There are arguments that the federal government ought not to be picking sides in the energy market; that the US taxpayer should not be subsidizing fuel. Yet, this argument overlooks the billions of dollars in tax breaks that the federal government grants the oil and gas industries because their raw product is classed as a depleted asset. The wind cannot offer producers such subsidies.


Does the fact that it can never be depleted make it a less competitive energy source? Not in Texas.


As we neared the New Mexico border, the landscape changed once more. The yellow grass became almost white, interspersed with light greens and small shrubs. The land grew increasingly cohesive and the reddish hues of the Texas dirt softened into a dusty scarlet.



Water had left her mark and the relative difference was striking. I was hooked.

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“I have said that Texas is a state of mind, but I think it is more than that. It is a mystique closely approximating a religion. And this is true to the extent that people either passionately love Texas or passionately hate it and, as in other religions, few people dare to inspect it for fear of losing their bearings in mystery or paradox. But I think there will be little quarrel with my feeling that Texas is one thing. For all its enormous range of space, climate, and physical appearance, and for all the internal squabbles, contentions, and strivings, Texas has a tight cohesiveness perhaps stronger than any other section of America. Rich, poor, Panhandle, Gulf, city, country, Texas is the obsession, the proper study and the passionate possession of all Texans.” – John Steinbeck, Travels with Charley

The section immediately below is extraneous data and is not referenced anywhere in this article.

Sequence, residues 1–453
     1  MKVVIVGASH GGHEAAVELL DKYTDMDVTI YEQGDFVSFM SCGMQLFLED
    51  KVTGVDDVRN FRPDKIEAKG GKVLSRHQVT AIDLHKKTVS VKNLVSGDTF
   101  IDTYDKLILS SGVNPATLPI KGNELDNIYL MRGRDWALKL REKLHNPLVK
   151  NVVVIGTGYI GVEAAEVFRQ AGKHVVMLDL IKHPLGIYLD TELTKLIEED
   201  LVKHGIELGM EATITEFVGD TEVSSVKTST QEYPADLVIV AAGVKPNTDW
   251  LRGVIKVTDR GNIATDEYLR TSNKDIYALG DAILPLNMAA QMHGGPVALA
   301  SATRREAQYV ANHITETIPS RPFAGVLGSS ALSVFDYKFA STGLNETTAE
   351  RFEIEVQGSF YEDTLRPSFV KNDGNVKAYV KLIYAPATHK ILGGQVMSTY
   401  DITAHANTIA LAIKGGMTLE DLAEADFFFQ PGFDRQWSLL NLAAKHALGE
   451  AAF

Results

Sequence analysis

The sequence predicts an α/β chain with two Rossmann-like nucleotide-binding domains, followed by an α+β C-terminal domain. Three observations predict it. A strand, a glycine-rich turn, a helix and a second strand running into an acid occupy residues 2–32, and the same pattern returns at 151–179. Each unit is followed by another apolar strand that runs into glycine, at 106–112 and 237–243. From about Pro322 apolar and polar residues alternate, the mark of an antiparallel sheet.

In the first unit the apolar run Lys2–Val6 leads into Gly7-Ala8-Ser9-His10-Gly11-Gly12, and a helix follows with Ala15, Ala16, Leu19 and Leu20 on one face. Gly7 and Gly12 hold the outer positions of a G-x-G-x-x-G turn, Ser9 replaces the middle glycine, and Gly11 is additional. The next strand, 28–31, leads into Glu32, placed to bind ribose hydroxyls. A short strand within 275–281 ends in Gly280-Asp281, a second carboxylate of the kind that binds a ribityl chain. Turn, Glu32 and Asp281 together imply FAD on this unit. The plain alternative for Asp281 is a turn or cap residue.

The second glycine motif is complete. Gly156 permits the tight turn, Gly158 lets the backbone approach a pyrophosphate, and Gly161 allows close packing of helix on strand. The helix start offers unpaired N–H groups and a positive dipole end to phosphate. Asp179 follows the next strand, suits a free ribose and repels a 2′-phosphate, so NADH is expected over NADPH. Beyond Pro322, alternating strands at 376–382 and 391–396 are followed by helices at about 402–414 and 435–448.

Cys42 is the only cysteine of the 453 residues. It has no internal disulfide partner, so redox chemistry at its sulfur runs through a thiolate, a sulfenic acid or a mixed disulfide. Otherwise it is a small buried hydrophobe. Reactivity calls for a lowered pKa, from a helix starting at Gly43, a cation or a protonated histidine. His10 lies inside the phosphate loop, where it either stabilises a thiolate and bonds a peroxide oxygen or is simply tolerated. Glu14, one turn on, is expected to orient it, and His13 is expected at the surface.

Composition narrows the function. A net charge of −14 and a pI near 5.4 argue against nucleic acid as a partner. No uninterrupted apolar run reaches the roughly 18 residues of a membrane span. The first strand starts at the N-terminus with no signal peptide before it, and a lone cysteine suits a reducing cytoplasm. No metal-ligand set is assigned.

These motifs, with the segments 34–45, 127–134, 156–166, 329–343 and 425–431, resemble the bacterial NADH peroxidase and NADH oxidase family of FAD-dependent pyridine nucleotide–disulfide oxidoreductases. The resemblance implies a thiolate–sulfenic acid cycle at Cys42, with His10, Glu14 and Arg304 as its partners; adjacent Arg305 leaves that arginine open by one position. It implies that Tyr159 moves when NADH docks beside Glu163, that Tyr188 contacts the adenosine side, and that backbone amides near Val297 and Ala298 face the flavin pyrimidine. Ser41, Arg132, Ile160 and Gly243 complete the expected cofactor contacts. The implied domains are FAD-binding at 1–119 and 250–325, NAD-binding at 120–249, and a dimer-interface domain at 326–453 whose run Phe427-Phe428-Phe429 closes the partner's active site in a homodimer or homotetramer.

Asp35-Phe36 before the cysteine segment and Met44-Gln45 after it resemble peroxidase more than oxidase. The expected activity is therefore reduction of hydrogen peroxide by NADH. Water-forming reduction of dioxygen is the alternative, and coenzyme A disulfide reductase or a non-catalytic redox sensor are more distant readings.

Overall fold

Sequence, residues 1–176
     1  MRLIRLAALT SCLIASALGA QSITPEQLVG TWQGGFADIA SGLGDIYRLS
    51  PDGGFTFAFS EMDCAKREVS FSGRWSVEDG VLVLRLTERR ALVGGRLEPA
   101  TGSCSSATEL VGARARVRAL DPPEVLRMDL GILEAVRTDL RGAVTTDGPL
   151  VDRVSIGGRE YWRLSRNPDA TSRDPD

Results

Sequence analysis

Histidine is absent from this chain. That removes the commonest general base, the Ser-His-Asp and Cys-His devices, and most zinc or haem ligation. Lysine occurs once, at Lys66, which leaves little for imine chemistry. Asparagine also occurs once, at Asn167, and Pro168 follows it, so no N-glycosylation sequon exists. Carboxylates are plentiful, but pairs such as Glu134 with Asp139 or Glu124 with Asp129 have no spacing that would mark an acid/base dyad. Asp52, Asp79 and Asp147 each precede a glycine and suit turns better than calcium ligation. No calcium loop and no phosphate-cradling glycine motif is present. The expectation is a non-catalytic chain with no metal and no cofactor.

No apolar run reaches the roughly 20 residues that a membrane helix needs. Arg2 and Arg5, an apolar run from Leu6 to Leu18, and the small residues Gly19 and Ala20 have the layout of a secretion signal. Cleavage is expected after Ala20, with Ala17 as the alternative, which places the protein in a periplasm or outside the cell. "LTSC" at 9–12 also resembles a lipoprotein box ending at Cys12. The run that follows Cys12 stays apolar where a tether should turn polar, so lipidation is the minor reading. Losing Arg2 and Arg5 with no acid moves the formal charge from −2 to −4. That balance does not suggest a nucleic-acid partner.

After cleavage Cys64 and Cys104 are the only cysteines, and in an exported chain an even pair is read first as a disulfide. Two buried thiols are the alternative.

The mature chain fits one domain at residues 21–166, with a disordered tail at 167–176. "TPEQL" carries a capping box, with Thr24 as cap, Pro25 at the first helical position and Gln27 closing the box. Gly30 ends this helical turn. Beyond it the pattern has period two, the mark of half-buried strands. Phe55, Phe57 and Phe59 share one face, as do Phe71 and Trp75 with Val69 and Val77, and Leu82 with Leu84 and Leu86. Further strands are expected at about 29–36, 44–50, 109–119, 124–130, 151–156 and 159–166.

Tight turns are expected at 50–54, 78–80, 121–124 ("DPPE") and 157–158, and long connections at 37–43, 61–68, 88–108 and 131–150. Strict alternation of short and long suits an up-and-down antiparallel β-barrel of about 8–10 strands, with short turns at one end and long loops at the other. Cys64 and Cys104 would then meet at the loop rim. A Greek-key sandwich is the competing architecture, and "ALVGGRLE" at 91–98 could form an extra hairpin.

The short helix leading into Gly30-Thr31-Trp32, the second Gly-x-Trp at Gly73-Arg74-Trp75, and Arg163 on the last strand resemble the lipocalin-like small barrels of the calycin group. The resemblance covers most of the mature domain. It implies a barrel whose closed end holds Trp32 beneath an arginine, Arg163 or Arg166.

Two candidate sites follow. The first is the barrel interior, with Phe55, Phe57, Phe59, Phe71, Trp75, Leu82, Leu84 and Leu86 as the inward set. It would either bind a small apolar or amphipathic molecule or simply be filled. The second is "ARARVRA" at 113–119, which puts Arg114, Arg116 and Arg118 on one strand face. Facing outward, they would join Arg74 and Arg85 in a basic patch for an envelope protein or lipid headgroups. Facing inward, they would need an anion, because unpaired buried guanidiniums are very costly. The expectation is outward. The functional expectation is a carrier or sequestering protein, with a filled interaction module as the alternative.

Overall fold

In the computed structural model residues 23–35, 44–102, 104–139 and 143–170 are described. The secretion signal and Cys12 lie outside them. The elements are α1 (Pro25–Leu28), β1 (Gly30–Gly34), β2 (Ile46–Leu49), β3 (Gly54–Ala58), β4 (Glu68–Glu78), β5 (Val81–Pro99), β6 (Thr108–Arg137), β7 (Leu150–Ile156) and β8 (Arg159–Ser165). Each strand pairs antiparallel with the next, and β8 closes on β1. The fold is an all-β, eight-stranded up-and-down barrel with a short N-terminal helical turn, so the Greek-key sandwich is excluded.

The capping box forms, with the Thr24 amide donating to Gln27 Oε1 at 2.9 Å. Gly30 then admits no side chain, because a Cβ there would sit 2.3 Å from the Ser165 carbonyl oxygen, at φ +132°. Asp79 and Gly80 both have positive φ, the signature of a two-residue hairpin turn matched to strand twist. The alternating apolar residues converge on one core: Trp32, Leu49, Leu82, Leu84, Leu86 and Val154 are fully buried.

Part 1: Oklahoma

This piece is the first of a series of posts that chronicle our cross-country road trip from Pennsylvania to Washington, in February 2017. I have started in Oklahoma as it was where we were when the idea to conduct such research occurred to me.  I may return to the earlier states at a later time.

I decided to use our trip to build my understanding of domestic environmental policies, management strategies, and challenges. Primarily, my research is centered around my favorite topic – water.

“In many ways, the history of Oklahoma is a story of water. Our geography is drawn by rivers and streams. And our cultural legacy is informed by drought.” – Andrew Knittle, NewsOK


Population: 3.878 million (2014)

Strongest economic industries: (1) Energy [Oil, gas, & wind]; (2) Info & Finance [Data centers for ADP, Google, and IBM]; (3) Transportation & Distribution [Access points to Mississipi & Arkansas River systems]; (4) Agriculture & Bioscience [$6.7 billion bioscience contribution]; (5) Aerospace & Defense [Home of Tinker Air Force Base]

Fun fact: Oklahoma was the state with the cheapest gas ($1.89) of the thirteen we drove through on our trip.

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Most state borders are difficult to discern in the landscape; a reminder that the physical world sets its own boundaries with mountains, rivers, deserts, or – drought. Not long after crossing the border into Oklahoma, the colors began to grow increasingly subdued; gentle tans and faded yellows with fiery red shadows stretched into endless blue skies. These colors forced patience; gentle inhales and exhales, letting the observer fall peacefully into the soothing rhythm of rolling plains.


Just as one becomes comfortable amidst the dry grass, the landscape rewards the patient onlooker with a sudden piercing blue lake surrounded by a ring of bright green grass and the occasional cow. These lakes and reservoirs break up the landscape that lines US 44 through the state. Each time we passed one, I never failed to feel surprised and excited by the sudden contrast of hue and energy. Oklahoma’s color palette is a striking illustration of the role of water in ecosystems.

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The New Face of Drought

Although short reoccurring drought seasons have long been a typical experience in Oklahoma’s ecosystems, these cycles have changed dramatically in recent years. The state experienced an extended drought from 2010-2015 when either “extreme” or “exceptional” drought conditions covered nearly the entire state.  The state suffered an estimated $2 billion in economic losses by 2012, according to researchers at Oklahoma State University.  


Oklahoma barely had a chance to recover from the five-year drought before the fall rainy season failed to appear in 2016. Drought took hold again this winter.